Lack of automation is the single biggest problem behind low scholarship utilization. Every institution has at least 1 team involved with scholarship management that is under-resourced and overworked. Depending on the institution, you may have to deal with scholarship applications, reviews & committees, manual eligibility verification, complex donor restrictions and preferences, changing student eligibility, stewardship follow-ups and much more. Add that to the fact that most of the time, scholarship management represents a small portion of the overall job description for you and your colleagues. The solution can't be to work more hours, or have more meetings, or ask IT to codify a temporary solution for you.

When dealing with problems that have a multi-million dollar impact on your institution, and a critical influence on your students' success and staff's workload, external technology vendors should be evaluated to boost productivity, attract & retain more students and donors, and expand the operating budget. Hint: Awarded's solution was custom-built for institutions like yours.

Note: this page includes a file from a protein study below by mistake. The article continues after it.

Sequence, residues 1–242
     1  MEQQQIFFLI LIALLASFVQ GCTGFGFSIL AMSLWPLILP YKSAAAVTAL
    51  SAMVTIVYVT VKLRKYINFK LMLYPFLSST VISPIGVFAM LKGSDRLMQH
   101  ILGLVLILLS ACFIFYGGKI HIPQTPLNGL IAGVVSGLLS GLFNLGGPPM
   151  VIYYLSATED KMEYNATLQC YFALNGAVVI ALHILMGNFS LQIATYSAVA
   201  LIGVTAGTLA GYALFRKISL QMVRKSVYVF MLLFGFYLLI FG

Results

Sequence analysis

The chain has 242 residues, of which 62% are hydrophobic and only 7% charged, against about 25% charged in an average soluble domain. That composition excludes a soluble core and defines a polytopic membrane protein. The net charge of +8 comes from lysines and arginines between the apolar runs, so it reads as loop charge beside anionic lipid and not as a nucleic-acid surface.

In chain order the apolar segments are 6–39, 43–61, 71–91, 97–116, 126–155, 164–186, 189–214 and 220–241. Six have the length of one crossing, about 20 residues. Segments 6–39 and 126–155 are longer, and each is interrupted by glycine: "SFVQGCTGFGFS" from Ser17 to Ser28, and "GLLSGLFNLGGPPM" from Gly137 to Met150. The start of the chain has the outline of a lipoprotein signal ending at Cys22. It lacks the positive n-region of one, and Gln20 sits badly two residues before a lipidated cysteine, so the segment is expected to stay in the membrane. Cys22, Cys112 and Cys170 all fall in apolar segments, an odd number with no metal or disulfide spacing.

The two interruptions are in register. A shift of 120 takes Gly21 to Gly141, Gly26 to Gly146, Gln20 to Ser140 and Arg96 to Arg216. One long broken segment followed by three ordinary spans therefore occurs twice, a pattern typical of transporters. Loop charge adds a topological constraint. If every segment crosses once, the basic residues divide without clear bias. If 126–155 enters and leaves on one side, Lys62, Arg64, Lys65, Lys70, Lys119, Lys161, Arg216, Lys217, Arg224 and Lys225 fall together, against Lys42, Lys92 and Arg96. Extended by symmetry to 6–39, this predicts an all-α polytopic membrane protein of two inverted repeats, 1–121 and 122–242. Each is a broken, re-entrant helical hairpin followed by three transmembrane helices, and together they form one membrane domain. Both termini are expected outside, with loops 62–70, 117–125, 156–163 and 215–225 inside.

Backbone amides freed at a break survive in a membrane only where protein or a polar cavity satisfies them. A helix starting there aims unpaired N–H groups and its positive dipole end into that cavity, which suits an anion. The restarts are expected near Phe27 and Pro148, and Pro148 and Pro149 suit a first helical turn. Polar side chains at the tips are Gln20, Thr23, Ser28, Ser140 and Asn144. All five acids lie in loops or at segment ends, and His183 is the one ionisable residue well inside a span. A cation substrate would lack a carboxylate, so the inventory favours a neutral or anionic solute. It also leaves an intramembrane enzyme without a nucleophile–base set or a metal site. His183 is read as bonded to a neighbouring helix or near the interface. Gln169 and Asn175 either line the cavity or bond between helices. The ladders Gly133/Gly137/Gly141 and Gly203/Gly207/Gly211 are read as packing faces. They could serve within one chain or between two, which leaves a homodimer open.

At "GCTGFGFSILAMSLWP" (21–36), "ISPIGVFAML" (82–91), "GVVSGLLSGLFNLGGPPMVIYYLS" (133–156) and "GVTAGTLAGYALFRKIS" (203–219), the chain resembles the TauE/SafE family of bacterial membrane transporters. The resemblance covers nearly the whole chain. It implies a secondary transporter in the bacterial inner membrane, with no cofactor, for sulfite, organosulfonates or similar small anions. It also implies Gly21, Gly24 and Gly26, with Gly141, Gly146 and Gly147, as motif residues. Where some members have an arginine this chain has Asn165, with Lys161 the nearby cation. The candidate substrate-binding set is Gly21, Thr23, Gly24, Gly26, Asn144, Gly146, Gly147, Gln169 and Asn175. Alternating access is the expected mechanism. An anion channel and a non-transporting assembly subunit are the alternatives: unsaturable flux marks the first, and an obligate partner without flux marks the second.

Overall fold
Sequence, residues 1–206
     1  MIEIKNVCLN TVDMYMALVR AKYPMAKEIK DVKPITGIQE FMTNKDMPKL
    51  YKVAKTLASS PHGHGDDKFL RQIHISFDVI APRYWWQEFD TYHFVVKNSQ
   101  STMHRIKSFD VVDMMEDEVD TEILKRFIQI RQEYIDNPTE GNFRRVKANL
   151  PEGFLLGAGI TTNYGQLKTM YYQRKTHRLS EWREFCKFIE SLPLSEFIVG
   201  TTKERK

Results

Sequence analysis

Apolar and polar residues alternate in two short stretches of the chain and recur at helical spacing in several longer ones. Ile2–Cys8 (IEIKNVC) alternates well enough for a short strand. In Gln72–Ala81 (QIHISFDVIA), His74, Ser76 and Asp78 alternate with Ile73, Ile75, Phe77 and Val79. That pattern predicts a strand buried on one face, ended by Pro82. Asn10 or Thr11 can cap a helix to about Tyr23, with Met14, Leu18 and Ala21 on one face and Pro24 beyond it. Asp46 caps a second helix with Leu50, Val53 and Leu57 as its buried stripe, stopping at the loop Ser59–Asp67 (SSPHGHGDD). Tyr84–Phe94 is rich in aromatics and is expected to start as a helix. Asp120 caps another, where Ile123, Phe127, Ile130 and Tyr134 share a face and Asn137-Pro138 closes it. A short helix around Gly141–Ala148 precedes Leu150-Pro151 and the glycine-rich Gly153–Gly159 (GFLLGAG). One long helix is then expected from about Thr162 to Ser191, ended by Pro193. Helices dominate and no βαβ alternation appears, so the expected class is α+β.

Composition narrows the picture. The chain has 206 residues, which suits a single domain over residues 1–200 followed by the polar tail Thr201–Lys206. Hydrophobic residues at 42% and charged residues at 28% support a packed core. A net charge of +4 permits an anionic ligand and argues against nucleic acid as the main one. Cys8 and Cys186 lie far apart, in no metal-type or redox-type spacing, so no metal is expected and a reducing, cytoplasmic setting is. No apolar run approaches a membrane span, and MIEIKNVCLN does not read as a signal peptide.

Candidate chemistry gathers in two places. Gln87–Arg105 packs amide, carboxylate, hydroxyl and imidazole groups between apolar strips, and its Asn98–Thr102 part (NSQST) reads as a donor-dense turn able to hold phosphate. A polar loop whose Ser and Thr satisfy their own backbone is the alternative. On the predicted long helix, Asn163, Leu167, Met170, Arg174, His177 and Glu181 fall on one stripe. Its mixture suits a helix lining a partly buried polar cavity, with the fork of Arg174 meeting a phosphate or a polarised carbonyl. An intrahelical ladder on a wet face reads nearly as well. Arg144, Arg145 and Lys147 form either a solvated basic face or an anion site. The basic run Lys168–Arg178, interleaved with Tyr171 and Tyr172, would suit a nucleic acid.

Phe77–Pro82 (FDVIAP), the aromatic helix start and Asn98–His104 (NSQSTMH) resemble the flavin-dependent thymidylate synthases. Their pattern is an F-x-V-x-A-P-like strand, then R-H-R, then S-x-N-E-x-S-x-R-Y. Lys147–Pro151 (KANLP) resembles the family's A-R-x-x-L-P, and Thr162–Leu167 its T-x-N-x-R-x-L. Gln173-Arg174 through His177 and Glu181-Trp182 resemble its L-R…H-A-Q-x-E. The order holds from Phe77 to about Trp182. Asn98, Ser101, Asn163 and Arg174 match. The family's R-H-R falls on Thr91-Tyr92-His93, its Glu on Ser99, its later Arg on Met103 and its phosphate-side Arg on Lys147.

4) Donor Restrictions

Beware. Many institutions think this is their primary problem, but mostly it is just the scapegoat. You will likely find scholarships written decades ago with complex restrictions that can only be met by one student every 10 years. But looking up close, there exists significant capacity to meet these donor restrictions when you have a system that a) auto-matches SIS data to donor restrictions to show you what students qualify for each scholarship, and b) allows students to complete optional or required "student profiles" that can help you find eligible students beyond what the SIS can tell you. Further, companies like Awarded will set this up for you and quantitatively demonstrate how many students are eligible for each of your scholarships - so if you have truly over-restrictive scholarships, you have strong data to share with donors or next of kin so they can consider switching requirements to preferences.

Moving Forward

The scholarship utilization problem is a big problem with big ramifications. If you've identified one of the four challenges above at your institution, we recommend reaching out to us to see how we can revamp your scholarship process to save time & headache, and unlock your scholarships to become a strategic advantage at your institution.